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Germany to invest 62b euros by 2030 to modernise rail network

Government hope commuters will opt for greener public transport options

By AFP - Jan 14,2020 - Last updated at Jan 14,2020

German Transport Minister Andreas Scheuer (left) and German Finance Minister and Vice Chancellor Olaf Scholz address the media at the signing of an agreement on railway modernisations with German railway operator Deutsche Bahn in Berlin, Germany, on Tuesday (AFP photo)

BERLIN — The German government on Tuesday agreed to pump 62 billion euros into modernising its rail network system, as part of a wider plan to incite commuters to opt for greener public transport options.

"We've just signed the most important programme of modernisation ever in Germany," said Transport Minister Andreas Scheuer, adding that "this is the decade for railway". 

Besides the massive sum stumped up by the state, equivalent to $69 billion, German rail operator Deutsche Bahn will also plow an additional 24 billion euros into the renewal programme.

The investments will go towards "replacing obsolete installations", improving access to disabled passengers as well as renovating rail bridges, said Scheuer.

Deutsche Bahn chief Richard Lutz also vowed to improve punctuality of trains — a key turn-off for commuters, even though he also called for patience in view of the disruptions that rail upgrading will undoubtedly bring.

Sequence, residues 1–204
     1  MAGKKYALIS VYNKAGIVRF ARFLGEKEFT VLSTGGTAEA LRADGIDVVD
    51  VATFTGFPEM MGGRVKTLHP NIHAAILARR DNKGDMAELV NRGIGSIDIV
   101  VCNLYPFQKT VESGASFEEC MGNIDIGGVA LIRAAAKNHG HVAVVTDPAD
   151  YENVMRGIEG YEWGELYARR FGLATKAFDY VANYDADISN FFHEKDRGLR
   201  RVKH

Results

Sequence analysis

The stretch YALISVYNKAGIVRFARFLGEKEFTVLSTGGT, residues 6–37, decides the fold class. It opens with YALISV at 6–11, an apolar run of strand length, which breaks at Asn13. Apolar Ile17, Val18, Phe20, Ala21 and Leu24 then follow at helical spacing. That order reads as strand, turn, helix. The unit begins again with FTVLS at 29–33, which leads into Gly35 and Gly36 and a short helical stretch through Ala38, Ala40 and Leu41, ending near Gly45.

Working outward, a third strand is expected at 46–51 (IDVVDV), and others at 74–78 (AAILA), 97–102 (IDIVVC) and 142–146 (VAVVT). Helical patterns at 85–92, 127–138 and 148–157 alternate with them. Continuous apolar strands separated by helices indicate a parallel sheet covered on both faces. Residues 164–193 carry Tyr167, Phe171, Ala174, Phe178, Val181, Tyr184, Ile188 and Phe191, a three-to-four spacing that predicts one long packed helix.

Getting more people to switch to trains instead of the more polluting cars or planes is a central plank of a government climate package aimed at helping Germany lower its emissions by 55 per cent by 2030 compared to 1990 levels.

As part of the package, train fares are going down while air travel prices are set to rise with higher taxes to be imposed.

Export power Germany has for years been under pressure to use its huge budget surpluses to loosen the purse strings and invest in crumbling infrastructure.

Batting away the criticism, Germany has in recent months pointed to the ambitious environmental plan to underline the massive outgoings it has pledged for the coming decade.

After two blistering summers and thousands of youths joining school strikes week after week, climate change has shot to the top of the political agenda. 

In its battle to cut emissions, car-mad Germany has lagged badly behind in the transport sector, where state-coddled auto giants VW, Daimler and BMW have long focused on gas-guzzling SUVs over hybrid or zero-emission cars.

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